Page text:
In place of the Pico from a year ago, which is a $4 microcontroller that is based on the company’s own-designed processor, the RP2040. The firm introduced an new design:The Raspberry Pi Pico W.
Although it adds an 802.11n Wi-Fi radio, as the name implies, it is essentially the same hardware and is therefore ideal for creating IoT projects and similar tasks. Additionally, it costs $6 more than the typical Pico.
Although a price increase of 50% is not negligible (especially if you intend to purchase numerous units), it is comprehensible why the W version is so much more expensive than the original.
The Raspberry organization claims that it used an Infineon CYW43439 chip to add wireless to the Pico. It’s odd that while Bluetooth is supported by that chip, Raspberry Pi states it is not now active. (However, it gives the impression that it’s at least thinking about doing so in the future.)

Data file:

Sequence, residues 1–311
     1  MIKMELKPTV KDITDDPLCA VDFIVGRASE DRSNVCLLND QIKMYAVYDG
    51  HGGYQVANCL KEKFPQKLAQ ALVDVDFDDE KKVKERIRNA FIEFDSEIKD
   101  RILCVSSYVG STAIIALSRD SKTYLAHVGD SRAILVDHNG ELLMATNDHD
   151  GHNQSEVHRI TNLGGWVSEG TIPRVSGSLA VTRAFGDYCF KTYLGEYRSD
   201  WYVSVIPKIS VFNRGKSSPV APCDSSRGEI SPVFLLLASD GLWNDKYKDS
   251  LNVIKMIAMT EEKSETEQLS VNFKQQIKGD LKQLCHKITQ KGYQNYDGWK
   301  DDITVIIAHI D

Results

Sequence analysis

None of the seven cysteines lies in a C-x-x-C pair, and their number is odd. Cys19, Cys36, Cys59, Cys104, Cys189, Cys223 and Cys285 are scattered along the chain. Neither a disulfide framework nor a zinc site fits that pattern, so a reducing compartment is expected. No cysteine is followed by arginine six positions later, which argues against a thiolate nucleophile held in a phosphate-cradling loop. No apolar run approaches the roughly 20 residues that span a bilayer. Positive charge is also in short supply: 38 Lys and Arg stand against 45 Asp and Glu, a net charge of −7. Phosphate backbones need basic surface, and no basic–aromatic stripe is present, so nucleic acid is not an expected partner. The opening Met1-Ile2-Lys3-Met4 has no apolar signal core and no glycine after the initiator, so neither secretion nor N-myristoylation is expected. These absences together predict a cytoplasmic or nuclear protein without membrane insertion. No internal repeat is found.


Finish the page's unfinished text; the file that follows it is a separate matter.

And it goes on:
Although there are add-ons to help your normal Pico connect to a network, they are far more expensive and heavier than having Wi-Fi built into the microcontroller itself, and they take up important pins that could be used for other exciting accessories. The Pico W just has everything pre-installed, and if you’d like, you can use it as a drop-in replacement for a project based on a conventional Pico.
The Pico H and Pico WH were two further Pico products that Raspberry Pi unveiled. They are identical to the Pico and Pico W, but cost a dollar more and have pre-attached pin headers and a debug connector, whereas the base models only have standard pad-like pins.
In essence, you pay to make it simpler to attach things, which may or may not be worthwhile for everyone. However, the WH version won’t be available until August, although the H is currently on sale.